If Swan Lake can be endlessly reinvented, why shouldn’t Pina Bausch’s Café Müller? 45 years after its premiere, it is arguably a classic, and Dominik Więcek has now produced an intriguing variation on it.
His ‘fan fiction’, as he puts it, repurposes select images. There is Nazareth Panadero’s nervous trotting in heels – turned here into a slow, surreal opening sequence, in which Więcek crisscrosses the stage like a lost traveller. Like the German choreographer herself in the original, Więcek then flings himself repeatedly against a wall, and carves Bauschian shapes with his upper body.
Yet for all the fan service – a cutout of Bausch also makes an appearance – Więcek works hard to tie Café Müller to his childhood displacement from Germany to Poland, even asking audience members to repeat sentences in German. He succeeds intermittently, but what lingers in the mind is his genderfluid take on Bausch’s women. In his baby blue jumpsuit, Więcek makes it look like an organic evolution, and it is.
A loud clatter of heels. Chaotic scuttling to and fro. Darkness. When light finally hits the desperate young man, there is distress on his face. In women’s shoes and a light blue dress, the Polish artist Dominik Więcek looks like a copy of his role model. She stands behind him in the form of a larger-than-life black-and-white photo cutout – Pina Bausch.
Connoisseurs of the work of this prominent German choreographer will spot references to one of her most iconic pieces, Café Müller from 1978. Yet Więcek proudly states: ‘Das ist mein Café Müller.’ It is a brave, perhaps bold goal to set but he’s a confident performer, conscious of his actions on stage.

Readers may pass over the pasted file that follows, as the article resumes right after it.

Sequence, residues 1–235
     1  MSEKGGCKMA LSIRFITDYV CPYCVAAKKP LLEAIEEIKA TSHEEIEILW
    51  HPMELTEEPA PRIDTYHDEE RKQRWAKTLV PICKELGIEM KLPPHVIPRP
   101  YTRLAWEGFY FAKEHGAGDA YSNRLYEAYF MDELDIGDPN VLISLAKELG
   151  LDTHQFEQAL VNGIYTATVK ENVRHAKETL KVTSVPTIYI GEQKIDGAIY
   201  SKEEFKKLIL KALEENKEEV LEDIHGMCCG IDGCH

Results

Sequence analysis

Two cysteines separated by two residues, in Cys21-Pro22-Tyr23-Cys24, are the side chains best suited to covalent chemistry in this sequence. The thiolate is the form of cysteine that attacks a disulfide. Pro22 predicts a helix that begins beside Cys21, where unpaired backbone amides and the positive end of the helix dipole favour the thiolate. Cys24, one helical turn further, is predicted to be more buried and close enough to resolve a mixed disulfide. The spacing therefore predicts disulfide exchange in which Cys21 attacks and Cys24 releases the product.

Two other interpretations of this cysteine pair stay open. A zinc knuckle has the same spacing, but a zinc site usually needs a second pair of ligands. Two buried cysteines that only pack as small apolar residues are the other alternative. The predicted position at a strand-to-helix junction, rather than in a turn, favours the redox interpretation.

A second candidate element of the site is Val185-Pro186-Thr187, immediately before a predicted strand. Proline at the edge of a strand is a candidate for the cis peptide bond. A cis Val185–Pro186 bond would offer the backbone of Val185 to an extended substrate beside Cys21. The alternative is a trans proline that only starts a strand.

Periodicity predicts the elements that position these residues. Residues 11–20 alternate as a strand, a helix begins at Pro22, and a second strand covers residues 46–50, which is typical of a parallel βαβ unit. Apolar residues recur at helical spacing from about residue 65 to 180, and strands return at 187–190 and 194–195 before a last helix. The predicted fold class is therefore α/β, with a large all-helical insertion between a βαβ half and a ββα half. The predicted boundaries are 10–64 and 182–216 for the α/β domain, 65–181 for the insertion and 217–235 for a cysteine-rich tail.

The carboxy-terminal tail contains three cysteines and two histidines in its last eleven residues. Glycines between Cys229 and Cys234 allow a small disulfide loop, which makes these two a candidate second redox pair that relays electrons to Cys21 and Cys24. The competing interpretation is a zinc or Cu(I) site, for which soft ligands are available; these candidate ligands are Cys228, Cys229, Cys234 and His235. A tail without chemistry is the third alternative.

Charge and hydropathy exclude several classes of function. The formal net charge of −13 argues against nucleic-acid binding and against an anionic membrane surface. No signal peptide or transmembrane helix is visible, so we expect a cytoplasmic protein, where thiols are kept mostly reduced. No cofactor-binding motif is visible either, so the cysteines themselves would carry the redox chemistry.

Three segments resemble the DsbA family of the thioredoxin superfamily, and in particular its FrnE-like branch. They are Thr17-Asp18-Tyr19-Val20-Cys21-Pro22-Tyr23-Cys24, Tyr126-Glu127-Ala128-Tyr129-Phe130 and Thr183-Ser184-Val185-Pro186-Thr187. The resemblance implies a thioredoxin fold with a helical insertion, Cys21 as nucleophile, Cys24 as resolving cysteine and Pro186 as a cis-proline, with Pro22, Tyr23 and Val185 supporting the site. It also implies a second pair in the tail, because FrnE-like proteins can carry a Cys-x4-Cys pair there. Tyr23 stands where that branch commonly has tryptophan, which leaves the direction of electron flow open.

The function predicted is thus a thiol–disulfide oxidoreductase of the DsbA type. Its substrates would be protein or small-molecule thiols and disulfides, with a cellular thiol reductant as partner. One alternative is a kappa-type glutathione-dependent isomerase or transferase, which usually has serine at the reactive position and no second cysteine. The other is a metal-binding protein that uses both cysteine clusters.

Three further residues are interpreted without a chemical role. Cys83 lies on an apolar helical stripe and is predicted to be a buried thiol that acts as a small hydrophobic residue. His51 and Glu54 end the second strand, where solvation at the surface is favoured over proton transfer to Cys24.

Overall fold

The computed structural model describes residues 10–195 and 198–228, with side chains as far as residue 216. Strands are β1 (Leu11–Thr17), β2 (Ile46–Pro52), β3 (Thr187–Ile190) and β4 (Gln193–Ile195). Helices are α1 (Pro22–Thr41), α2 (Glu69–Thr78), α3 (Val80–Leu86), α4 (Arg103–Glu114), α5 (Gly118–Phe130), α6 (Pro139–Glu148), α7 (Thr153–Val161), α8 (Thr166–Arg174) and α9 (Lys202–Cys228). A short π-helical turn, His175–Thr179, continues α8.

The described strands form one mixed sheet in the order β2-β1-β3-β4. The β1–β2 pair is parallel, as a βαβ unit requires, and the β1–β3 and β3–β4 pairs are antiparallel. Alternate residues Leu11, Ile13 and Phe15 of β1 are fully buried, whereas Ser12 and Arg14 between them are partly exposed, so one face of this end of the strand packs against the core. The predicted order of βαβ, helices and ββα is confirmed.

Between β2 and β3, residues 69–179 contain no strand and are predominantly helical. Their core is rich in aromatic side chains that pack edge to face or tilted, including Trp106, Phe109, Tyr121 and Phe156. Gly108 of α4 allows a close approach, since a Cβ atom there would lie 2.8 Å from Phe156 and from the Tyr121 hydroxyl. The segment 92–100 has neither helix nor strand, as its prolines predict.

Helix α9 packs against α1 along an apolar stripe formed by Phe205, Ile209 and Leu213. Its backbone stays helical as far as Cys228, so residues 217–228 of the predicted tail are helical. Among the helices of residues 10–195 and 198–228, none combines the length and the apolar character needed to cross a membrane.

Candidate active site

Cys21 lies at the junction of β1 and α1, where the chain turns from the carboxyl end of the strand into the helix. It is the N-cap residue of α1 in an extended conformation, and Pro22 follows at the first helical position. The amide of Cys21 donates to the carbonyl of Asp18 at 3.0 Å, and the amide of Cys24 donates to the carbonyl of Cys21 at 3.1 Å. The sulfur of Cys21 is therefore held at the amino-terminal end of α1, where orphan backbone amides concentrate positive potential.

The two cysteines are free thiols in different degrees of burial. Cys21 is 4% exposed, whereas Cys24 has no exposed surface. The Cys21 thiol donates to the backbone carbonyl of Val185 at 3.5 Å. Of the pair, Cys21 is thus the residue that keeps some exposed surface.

Behind Więcek’s furious fight poses and cries, vulnerability and fear are hidden. He can be commended for his courage in openly exposing his search for his own identity. However, unlike Bausch‘s, his inner struggle takes place too far away from the audience to stir their empathy.
When one door closes, another opens… And another, and others close yet reopen and… Dominik Więcek’s inaugural scene sees him scuttle between illuminated doorways. He lands in a fantasy of ‘What If?’ that relocates his upbringing, confronts his identity, and deifies Pina Bausch.
Throughout Café Müller, Więcek tests the plasticity of the German choreographer’s eponymous work. Warping behind his jacket, he conjures up Bauschian relics – characters and patterns of gestures. This solo flies dangerously close to its source of inspiration, and acknowledges it with a cut-out of Bausch, a humorous shrine.
Więcek brims with self-awareness and showmanship. He struts, exuberantly tosses his jacket, and gleefully delivers his school-like German. But he also touches on a darker side – slippery reality causes him to glitch, crash into walls or disappear altogether.
Not all doors lead to success, and at times the work feels cluttered with props. Still, I would cross into Więcek’s World again.